The Fort Lauderdale Sun-Sentinel reports:
Hurricane Dorian’s forecast track continued its shift east Saturday morning, maintaining the threat to Florida’s east coast but increasing the chance the storm will spare Florida a direct hit. The 8 a.m. update from the National Hurricane Center, which showed the storm’s winds had strengthened to 145 miles per hour.
But the cone has been shifting seaward over the past 15 hours, with the center now remaining offshore and aimed at landfall in South Carolina. Forecasters warn that the margin for error remains significant and that most of Florida’s east coast remained at risk of a devastating strike from a Category 4 storm.
The Orlando Sentinel reports:
Orlando International Airport will shut down at 2 a.m. on Monday “out of an abundance of caution” as Hurricane Dorian makes its way toward Central Florida. Passengers with booked trips should check in with their airlines for flight information, officials said.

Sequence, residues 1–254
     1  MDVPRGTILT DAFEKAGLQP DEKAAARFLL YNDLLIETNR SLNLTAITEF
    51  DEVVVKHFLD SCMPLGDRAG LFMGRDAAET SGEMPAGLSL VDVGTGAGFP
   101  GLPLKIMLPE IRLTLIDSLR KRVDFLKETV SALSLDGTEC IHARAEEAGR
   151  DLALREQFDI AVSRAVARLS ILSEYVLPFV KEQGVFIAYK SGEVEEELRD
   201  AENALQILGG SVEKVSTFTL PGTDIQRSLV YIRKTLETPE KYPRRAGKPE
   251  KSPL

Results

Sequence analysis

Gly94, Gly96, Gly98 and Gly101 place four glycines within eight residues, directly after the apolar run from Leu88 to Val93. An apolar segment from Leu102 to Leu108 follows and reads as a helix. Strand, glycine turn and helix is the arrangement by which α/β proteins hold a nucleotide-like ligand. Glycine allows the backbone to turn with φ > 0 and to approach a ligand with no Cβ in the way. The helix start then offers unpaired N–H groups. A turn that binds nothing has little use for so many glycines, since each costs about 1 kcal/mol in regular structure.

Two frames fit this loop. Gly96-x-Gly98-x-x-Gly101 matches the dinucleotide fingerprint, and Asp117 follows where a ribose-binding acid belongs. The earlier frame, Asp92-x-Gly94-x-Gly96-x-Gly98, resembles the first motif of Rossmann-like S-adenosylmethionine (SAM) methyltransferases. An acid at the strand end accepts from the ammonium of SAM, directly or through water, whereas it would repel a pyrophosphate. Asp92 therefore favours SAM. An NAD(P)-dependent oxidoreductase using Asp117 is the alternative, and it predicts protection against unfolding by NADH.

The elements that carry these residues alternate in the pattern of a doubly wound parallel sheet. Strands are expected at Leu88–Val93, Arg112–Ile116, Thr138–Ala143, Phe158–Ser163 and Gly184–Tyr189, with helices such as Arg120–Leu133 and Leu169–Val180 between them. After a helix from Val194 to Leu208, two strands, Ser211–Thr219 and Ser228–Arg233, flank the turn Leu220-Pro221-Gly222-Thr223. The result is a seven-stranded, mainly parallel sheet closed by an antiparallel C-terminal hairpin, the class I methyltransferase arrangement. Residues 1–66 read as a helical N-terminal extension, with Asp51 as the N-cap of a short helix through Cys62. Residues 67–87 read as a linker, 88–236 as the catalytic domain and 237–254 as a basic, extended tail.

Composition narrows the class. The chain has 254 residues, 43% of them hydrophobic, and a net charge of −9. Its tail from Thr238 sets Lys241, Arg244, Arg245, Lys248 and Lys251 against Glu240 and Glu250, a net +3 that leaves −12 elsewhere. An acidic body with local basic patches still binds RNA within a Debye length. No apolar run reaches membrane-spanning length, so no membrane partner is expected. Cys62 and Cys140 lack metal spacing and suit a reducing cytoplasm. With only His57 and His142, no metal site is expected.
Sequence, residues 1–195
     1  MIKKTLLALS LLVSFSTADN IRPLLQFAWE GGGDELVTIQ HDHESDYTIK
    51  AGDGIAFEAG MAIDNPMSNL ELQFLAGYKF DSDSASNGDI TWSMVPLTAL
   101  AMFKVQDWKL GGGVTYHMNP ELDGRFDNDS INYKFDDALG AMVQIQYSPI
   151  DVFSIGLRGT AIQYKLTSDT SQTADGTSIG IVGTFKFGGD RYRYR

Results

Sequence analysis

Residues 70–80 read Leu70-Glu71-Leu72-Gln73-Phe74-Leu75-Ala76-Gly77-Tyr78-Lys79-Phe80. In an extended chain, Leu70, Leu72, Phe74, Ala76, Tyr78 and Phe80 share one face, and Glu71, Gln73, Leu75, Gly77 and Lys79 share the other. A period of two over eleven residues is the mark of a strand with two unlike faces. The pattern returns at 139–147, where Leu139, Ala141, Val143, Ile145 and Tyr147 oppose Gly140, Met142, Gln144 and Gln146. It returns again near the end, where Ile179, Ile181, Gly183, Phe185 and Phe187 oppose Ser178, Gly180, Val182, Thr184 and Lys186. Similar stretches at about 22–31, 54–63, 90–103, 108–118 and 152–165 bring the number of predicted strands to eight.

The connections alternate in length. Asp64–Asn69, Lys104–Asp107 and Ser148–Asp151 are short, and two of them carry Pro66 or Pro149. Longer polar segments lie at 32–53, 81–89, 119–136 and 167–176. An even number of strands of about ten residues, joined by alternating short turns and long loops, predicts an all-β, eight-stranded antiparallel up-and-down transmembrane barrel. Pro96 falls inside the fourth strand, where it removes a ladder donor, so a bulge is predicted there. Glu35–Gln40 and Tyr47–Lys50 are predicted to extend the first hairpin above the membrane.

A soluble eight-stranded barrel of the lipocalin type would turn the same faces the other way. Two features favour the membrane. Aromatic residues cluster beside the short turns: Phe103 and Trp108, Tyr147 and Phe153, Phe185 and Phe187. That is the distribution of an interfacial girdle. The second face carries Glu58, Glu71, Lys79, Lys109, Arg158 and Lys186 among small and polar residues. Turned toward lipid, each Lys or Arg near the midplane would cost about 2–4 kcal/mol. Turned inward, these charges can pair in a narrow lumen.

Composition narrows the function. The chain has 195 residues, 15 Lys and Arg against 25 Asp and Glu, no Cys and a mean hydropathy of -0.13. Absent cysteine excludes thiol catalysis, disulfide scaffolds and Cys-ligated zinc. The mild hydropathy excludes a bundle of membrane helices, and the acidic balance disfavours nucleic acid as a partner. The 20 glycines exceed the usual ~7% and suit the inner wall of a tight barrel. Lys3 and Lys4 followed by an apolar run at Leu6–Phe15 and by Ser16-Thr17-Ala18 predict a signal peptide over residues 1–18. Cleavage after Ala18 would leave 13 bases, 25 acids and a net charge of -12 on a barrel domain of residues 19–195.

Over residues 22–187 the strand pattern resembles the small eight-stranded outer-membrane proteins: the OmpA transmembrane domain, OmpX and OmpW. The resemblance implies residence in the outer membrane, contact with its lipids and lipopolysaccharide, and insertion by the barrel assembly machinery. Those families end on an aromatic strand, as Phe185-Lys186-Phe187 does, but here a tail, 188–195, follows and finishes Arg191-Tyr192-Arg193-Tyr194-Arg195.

“Hurricane Dorian has strengthened and slowed,” Phil Brown, CEO of Greater Orlando Aviation Authority, said in a release. “Our plan currently is to run full operations through Sunday. We don’t know exactly where Dorian is going but we do know that it will have a significant impact on the entire state of Florida.”
— CNN Breaking News (@cnnbrk) August 31, 2019
— The Weather Channel (@weatherchannel) August 31, 2019
New track for #Dorian from @NHC_Atlantic shifted! Remains off coast of FL! Better news for Floridians, still could see heavy rain, gusty winds but worst of surge could now pile up against the coast mid-late week GA, SC & NC. Position/strength of that high has been driving factor. pic.twitter.com/O1lXpbHOqC
— Ginger Zee (@Ginger_Zee) August 31, 2019